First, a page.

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This 5 minute tutorial teaches you to start your application in a Phusion Passenger server, in development mode. Feel what Passenger is and how it works.

Table of contents

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Preparing the example application

In this tutorial we will use an example "hello world" application, utilizing Connect.js:

$ git clone
$ cd passenger-nodejs-connect-demo
$ npm install

Running the server

The simplest way to run your app is with the node command:

$ node app.js

Passenger can be used the same way as the node command: you run your app with passenger start and two extra command line options:

$ passenger start --app-type node --startup-file app.js
======= Phusion Passenger Standalone web server started =======
PID file: /Users/phusion/myapp/
Log file: /Users/phusion/myapp/passenger.3000.log
Environment: development
Accessible via:

You can stop Phusion Passenger Standalone by pressing Ctrl-C.
If you run your app with a higher level command like npm start, you can find out what --startup-file to specify by looking at package.json. It should be whatever is behind the node command.

As you can see in the output, Passenger is now serving your app on So if you go to that URL, you will should see your application:

$ curl
...your app's front page HTML...

Passenger is polyglot

Passenger supports apps in multiple programming languages. That's why you need to specify what language you're using. The --app-type node option does just that.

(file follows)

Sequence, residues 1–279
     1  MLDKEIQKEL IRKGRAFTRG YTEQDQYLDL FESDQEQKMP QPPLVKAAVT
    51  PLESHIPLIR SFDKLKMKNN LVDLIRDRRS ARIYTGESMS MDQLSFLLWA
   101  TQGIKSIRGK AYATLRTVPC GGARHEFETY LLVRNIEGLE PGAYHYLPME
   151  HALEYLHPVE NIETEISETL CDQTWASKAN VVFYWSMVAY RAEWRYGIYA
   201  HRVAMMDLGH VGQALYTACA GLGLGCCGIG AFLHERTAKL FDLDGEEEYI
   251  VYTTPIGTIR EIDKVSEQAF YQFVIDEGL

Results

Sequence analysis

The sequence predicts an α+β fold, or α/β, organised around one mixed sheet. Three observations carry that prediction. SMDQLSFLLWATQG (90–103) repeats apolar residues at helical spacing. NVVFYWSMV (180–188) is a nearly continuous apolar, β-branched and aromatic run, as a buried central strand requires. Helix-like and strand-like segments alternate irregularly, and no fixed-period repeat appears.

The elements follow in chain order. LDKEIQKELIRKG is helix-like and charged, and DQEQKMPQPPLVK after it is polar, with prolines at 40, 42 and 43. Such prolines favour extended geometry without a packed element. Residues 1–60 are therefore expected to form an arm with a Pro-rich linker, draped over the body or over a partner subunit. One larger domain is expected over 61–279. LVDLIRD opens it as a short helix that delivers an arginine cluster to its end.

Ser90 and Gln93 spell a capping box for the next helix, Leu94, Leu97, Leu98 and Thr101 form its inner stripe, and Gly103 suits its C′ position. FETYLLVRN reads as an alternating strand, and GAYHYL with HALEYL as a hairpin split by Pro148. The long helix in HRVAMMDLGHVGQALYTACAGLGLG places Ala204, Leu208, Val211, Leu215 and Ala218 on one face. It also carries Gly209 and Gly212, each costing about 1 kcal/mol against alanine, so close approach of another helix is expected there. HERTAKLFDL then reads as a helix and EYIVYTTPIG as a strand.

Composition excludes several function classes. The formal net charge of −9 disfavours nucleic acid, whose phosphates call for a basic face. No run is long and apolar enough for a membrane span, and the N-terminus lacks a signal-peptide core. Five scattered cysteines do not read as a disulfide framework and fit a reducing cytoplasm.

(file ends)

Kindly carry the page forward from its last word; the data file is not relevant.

Reversed port binding

Normally, a Node.js app binds a server socket on a certain port by calling listen() on an http.Server object. But when run in Passenger, this control is inversed. The user that invokes the passenger command specifies what address and port to listen on, and Passenger makes sure your app does so.

Most of the time, reverse port binding just works. But if your app creates multiple http.Server objects, then you will confuse the reserve port binding system, and you'll have to give it some hints.

Reverse port binding will be covered in Basics part 2: fundamental concepts -> The "application server concept" and in the In-depth guide.


Passenger prints its own logs not only to the terminal, but also to a log file. During startup, Passenger tells you what log file it used. This is typically passenger.XXXX.log.

There may also be application logs, generated either by your app or by the framework you're using. These logs are completely separate from Passenger's own logs. If the application logs are printed to stdout or stderr, then Passenger will display them. Otherwise, it is up to you to manually view application log files, e.g. with the Unix tail tool on the corresponding files.

Stopping the server

If you stop Passenger, Passenger will stop your app.

There are two ways to stop the server. The first is by pressing Ctrl-C in the terminal.

$ passenger start --app-type node --startup-file app.js
(press Ctrl-C here)
Stopping web server... done!

The second way is by starting a seperate terminal, changing the working directory to your application, and running passenger stop:

$ cd /path-to-your-app
$ passenger stop



Congratulations! Now that you've passed this tutorial and seen Passenger in action.

Next step: installation


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